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Three things we learned from USMNT-Canada

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The USMNT reclaimed its driver’s seat status for the CONCACAF Nations League with a 4-1 defeat of Canada in Orlando on Friday.

[ MORE: Match recap ]

Here’s what we gleaned from 90 minutes near Disneyworld.

Berhalter returns the tactical beatdown

Canada coach John Herdman opted to take his most electric attacker, Alphonso Davies, and play him at left back. Yes, he’s played there for Bayern Munich — who is in a defender crisis — but considering what Davies did to the USMNT last month in Toronto, well, what a let off!

Berhalter would’ve learned that he had to punish Canada’s back line, an untested group he didn’t test last month. So while it turned some heads that Gyasi Zardes and Paul Arriola got start over Josh Sargent and Tyler Boyd, they combined with Jordan Morris to bring industry in spades.

It also helped that Weston McKennie was much better, and that Sergino Dest and John Brooks were available, but credit Berhalter for flipping the script after October’s Ontario humiliation. While his seven changes to the lineup were an exaggerated change — he certainly would’ve preferred to play injured Michael Bradley and Christian Pulisic — but it’s good to see the coach recognize the errors of his ways.

Gyasi Zardes flummoxes most of the USMNT fandom

Look: It seemed like next level trolling when Gregg Berhalter called upon his longtime Columbus Crew striker to start over Josh Sargent, but it turned out to be a risk well-rewarded.

The athletic, powerful American striker was a handful for the aforementioned, overmatched back line.

Yes his second goal was deflected past Milan Borjan, and no he’s never going to be the club’s best striker. But considering how often many of us have criticized the continued call-ups of Zardes, he’ll be having an ice cold pint water of water and clinking glasses with Berhalter after the match.

Dest delivers

Ajax right back Sergino Dest is now an American player (“Sandlot” voice) for-ev-er, and the recently-minted 19-year-old was absolute dynamite going forward.

Dest presents a variety of 1v1 moves, as evidenced on a lightning counter that finished short of a goal when he dragged a shot wide of the far post.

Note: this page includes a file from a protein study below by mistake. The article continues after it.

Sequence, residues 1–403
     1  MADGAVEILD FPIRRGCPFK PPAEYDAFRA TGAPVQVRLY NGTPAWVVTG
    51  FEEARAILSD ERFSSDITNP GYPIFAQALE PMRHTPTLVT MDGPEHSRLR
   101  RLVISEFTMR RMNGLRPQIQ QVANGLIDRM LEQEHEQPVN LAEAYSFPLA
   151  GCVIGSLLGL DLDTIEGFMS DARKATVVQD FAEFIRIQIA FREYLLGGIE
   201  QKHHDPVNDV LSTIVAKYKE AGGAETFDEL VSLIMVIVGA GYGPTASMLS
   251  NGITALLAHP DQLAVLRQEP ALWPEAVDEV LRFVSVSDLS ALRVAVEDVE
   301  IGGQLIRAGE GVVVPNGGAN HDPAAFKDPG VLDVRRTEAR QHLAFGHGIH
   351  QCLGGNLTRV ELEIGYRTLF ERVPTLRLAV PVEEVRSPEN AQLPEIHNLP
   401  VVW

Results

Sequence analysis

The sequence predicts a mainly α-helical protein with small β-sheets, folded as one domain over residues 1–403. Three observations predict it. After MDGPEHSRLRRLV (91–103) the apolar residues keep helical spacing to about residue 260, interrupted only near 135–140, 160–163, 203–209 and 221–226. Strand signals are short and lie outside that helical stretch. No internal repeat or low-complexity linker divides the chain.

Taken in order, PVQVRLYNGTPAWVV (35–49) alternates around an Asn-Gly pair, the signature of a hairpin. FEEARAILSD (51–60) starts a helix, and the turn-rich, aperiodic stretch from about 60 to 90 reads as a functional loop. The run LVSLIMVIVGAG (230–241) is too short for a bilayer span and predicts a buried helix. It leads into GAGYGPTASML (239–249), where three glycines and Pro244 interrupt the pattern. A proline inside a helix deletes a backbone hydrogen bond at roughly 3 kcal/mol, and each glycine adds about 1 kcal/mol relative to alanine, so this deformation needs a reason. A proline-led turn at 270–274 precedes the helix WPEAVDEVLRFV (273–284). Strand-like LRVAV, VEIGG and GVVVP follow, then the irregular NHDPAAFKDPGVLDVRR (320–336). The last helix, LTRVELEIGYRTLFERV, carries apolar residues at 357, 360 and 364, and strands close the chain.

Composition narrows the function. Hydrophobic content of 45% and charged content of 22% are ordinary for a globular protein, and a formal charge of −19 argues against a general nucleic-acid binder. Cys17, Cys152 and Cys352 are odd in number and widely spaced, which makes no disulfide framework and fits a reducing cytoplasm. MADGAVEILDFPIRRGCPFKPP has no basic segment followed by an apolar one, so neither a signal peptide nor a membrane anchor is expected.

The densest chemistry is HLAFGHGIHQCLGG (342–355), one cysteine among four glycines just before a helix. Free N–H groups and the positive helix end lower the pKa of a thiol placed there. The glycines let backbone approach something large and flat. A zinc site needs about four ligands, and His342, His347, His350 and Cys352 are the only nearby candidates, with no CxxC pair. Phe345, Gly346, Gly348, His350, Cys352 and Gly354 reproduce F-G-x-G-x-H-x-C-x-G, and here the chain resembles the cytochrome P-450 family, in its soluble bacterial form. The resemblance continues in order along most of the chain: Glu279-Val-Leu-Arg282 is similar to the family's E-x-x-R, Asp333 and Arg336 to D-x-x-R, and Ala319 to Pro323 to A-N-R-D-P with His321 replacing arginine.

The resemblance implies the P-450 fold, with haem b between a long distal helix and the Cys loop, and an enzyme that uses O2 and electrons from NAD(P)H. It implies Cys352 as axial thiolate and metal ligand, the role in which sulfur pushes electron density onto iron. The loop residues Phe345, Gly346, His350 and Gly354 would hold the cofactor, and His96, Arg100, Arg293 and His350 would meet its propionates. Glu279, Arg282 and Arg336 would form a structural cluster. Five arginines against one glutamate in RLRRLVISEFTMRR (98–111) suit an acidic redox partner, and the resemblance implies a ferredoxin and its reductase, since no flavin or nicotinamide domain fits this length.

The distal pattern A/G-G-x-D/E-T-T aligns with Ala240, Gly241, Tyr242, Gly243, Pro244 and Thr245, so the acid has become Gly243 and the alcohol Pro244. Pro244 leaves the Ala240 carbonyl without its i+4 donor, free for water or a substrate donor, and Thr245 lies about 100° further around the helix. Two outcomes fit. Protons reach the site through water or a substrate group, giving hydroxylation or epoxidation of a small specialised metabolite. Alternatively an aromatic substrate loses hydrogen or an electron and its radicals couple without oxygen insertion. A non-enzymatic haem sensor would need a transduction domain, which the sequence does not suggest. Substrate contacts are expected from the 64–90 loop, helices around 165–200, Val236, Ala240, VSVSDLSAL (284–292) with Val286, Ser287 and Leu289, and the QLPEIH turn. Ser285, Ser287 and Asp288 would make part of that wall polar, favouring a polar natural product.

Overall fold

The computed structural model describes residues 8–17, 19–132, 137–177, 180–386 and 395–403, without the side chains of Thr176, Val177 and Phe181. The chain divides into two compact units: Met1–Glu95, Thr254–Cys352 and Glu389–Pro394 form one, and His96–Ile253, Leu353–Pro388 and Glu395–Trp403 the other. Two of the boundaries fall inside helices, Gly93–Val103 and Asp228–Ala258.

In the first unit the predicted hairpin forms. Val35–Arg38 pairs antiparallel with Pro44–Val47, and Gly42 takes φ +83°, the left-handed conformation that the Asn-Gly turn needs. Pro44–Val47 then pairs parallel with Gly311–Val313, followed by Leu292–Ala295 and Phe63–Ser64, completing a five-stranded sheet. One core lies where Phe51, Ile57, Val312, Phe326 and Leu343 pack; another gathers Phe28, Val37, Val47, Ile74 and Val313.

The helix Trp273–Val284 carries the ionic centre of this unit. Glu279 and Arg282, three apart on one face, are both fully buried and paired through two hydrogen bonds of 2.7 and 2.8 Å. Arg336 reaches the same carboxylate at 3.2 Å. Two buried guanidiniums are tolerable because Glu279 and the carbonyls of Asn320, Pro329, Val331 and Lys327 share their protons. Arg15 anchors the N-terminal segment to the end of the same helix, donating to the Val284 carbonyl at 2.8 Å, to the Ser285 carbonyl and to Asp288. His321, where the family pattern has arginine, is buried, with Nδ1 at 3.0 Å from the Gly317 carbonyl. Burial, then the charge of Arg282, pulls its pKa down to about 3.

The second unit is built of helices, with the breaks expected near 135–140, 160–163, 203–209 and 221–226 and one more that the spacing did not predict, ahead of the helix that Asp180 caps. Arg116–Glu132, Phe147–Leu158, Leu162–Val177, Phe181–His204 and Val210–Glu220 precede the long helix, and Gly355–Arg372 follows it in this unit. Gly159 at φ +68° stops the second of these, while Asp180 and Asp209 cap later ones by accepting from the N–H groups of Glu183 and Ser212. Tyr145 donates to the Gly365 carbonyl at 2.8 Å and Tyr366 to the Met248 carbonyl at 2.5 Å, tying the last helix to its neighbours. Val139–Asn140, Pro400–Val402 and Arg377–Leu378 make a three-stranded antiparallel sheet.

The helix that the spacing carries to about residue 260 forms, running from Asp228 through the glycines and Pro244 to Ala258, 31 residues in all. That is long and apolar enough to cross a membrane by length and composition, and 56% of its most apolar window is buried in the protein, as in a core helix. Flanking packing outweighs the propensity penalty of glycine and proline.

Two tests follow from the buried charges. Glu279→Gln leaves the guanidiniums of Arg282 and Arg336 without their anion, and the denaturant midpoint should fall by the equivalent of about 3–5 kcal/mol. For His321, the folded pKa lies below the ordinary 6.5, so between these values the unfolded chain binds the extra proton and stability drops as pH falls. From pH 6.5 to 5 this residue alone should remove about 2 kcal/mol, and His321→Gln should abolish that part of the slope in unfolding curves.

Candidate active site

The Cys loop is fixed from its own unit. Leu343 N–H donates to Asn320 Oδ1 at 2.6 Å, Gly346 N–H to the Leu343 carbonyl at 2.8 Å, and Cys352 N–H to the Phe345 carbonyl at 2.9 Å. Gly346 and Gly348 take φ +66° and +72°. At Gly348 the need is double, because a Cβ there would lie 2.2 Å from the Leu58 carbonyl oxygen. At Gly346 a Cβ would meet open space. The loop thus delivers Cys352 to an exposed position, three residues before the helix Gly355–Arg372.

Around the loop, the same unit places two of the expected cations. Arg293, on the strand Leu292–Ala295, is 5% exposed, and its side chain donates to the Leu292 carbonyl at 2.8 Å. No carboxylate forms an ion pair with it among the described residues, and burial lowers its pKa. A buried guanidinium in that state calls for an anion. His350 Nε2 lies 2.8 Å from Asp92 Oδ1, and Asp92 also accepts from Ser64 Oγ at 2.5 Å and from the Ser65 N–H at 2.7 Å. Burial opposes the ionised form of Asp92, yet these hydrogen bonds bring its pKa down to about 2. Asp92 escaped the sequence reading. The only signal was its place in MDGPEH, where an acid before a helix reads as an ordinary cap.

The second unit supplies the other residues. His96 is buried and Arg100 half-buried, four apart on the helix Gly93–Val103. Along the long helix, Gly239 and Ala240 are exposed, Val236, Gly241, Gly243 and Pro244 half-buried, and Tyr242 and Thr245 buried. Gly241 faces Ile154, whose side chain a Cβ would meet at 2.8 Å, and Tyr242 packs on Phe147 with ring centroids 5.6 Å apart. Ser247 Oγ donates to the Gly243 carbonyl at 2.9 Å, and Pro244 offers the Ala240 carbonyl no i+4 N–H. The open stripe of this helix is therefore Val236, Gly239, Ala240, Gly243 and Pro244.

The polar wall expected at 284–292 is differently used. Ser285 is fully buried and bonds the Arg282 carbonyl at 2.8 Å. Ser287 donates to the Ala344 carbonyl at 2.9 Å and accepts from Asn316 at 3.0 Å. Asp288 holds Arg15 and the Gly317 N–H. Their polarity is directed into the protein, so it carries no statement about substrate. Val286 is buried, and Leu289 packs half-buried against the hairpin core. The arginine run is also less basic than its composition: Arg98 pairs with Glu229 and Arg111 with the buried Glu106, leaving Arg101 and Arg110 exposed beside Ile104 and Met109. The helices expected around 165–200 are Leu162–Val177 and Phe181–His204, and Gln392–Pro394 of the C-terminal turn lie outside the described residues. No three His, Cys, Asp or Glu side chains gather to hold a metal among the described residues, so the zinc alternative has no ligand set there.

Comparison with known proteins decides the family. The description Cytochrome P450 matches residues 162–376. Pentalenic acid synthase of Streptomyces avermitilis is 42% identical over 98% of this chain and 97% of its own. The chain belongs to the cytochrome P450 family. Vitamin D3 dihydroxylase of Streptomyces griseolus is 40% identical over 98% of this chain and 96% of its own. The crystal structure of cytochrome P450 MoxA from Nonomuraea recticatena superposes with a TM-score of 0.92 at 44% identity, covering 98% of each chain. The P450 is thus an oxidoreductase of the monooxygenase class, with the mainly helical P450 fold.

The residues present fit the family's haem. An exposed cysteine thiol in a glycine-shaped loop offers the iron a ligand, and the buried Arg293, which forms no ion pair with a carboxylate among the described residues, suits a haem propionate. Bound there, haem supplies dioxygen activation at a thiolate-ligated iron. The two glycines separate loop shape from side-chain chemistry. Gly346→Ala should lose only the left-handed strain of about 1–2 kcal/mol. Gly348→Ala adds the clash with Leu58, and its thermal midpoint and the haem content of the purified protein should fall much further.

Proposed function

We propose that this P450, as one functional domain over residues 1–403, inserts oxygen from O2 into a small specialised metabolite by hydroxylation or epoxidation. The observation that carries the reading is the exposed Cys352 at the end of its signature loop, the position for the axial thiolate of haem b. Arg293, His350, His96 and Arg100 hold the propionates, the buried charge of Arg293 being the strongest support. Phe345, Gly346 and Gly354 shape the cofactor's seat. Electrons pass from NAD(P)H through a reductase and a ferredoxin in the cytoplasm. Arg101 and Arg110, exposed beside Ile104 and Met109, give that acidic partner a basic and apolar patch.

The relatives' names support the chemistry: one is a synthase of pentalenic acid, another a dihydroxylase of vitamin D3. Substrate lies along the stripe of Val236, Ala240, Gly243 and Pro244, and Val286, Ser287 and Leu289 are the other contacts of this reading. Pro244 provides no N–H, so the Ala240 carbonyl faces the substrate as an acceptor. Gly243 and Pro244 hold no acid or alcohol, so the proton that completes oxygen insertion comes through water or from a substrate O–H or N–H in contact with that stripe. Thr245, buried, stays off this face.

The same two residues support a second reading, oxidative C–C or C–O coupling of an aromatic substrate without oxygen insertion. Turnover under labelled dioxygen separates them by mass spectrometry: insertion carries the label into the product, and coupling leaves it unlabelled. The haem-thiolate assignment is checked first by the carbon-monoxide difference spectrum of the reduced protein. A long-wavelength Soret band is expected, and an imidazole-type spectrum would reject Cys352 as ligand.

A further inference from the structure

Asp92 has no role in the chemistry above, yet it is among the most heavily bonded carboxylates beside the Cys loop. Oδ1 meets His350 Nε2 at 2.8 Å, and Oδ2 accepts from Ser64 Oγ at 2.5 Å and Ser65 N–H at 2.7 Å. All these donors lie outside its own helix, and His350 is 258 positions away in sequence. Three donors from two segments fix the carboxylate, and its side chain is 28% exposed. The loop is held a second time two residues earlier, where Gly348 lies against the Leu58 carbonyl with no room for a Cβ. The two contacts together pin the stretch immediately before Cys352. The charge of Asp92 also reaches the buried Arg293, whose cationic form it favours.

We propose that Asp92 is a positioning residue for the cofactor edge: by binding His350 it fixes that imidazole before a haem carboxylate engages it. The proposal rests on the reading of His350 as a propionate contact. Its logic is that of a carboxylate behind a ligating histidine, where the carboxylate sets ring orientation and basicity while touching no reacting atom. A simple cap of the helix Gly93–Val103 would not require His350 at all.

If there was any question that the Yanks scored a victory in getting him to commit to the U.S., he answered them all positively. Good on you, Earnie Stewart and Berhalter.

LIVE — USMNT seeks ‘payback’ v. Canada in CONCACAF Nations League

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The USMNT’s CONCACAF Nations League hopes are on the line when it meets Canada in Orlando at 7 p.m. ET on Friday.

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The Yanks seek to avenge a 2-0 loss to the Canucks in Toronto last month, one that heaped pressure on coach Gregg Berhalter.

If the USMNT fails to win on Friday, a match Canada also needs for its World Cup qualifying hopes, it will bow out of the tournament before the semifinal round.

There’s no place for DeAndre Yedlin in the back line, as Tim Ream‘s been chosen to play right back with a center back pairing of John Brooks and Aaron Long. Sergino Dest starts on the right.

The midfield will have Jackson Yueill lying deep, with Weston McKennie and Sebastian Lletget also getting the call.

Gyasi Zardes starts at center forward with Jordan Morris and Paul Arriola on the wings.

Slumping USMNT big favorites v. Canada

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Let’s start with two statements which might be a bit controversial given the tone and tenor of the United States men’s national team program.

  1. The CONCACAF Nations League very much matters to Gregg Berhalter’s era and the program in general, even if the coach’s job is not in jeopardy and the tournament is in its infancy.